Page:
Google has entered the mobile MVNO carrier field by launching a service dubbed Project Fi in the US. The search giant has tied up with Sprint and T-Mobile to use their network together with WiFi networks to offer voice calls and data. As of now the program is available on an invite only basis for users in certain areas of the US. Additionally the service is currently only compatible with the Motorola made Nexus 6.
How it works
According to Google its network will utilize the best network available in the area from among T-Mobile, Sprint and available WiFi hotspots for calls, text and data. The network will switch between providers seamlessly and automatically, and will secure user data through encryption. Google claims it has verified over a million free hotspots that are fast and reliable to provide this connectivity.
The network will switch to using 4G LTE in places that lack WiFi, or slower networks if 4G is unavailable. According to Google, the network can seamlessly transition from WiFi to cell networks even during an active call.
Interestingly, Google mentions that the phone number will ‘live in the cloud’, letting users route calls and texts to other secondary devices that has Hangouts instead. This feature should enable users to answer calls made to their phones using any device readily available at hand, rather than looking for their phones.
Pricing: As for pricing, Google offers a single plans with 24/7 customer support. The plan costs $20 a month for all the basics including talk, text, tethering and international roaming in 120 countries, in addition to $10 per GB for cellular data in the US and abroad. Interestingly, users can pay for what they use and are credited back unused data. For example a user can pay $40 for 4GB of data and end up using only 2.4GB of data. In this case Google will credit the user with $16 off on the next bill for the unused 1.6GB of data.
Roaming: Another interesting aspect of the project is that it costs nothing extra for roaming, although the service might be limited in other countries where T-mobile and Sprint do not have any coverage. However users will still be able make calls and send text messages using their phone numbers, over WiFi networks.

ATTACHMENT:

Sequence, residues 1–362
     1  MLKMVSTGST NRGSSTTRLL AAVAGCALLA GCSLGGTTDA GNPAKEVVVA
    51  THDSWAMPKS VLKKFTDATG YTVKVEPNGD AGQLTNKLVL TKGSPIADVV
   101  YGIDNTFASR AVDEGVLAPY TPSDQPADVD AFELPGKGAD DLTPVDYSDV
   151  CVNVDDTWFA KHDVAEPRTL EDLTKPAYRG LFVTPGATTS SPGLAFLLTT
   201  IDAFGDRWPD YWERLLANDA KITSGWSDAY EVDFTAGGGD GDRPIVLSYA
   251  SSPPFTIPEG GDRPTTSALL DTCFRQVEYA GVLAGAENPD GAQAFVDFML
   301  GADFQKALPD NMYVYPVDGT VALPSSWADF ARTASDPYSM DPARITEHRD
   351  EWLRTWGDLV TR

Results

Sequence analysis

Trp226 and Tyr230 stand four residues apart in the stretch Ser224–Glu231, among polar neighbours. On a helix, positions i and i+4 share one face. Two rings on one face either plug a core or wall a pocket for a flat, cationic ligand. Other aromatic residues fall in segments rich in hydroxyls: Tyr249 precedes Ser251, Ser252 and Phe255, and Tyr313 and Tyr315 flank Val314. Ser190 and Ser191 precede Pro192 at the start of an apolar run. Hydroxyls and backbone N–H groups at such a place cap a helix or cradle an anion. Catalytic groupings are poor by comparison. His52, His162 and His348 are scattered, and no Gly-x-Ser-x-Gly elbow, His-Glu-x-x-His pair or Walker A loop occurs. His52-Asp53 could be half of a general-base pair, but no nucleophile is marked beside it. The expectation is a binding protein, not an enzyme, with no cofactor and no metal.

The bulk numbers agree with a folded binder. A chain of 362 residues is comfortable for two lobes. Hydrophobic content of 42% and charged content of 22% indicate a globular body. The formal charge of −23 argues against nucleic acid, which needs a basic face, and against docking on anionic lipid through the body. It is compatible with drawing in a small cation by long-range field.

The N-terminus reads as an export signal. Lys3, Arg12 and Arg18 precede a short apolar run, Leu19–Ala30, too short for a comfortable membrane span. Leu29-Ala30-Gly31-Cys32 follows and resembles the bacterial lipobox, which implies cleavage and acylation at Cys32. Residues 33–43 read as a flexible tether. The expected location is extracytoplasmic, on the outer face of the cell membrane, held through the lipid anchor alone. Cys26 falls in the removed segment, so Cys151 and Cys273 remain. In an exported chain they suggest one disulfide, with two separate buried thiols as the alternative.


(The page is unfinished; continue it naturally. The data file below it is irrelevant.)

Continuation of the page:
Competition: As of now, only Republic Wireless in the US offers a similar service. The carrier offers a ‘Hybrid Network’ that uses WiFi and switches to Sprint’s network when WiFi isn’t available. The project requires custom software to be installed on the phone and is only compatible with the Moto X (first and second gen), and the first gen Moto G and E. Republic Wireless offers its users WiFi only plans starting at $5 per month, although its plans including 3G data start at $25 per month.
Project Loon: Google’s Project Loon is a network of balloons which float at about 20 kilometres above in the stratosphere which will help in providing Internet access to the most remote corners of the world. Google had teamed up with telecommunications companies to share cellular spectrum which should enable people to connect to the balloon network directly from their phones and other LTE-enabled devices. The company should be able to exploit its network of balloons (if it manages to develop such a network), to offer its carrier services at well.
Note that in February, the company mentioned it was looking to bring Project Loon to India by 2016. It said that it was working closely with governments across the world, including India’s, for covering ‘every inch of the earth’ with coverage from its balloons.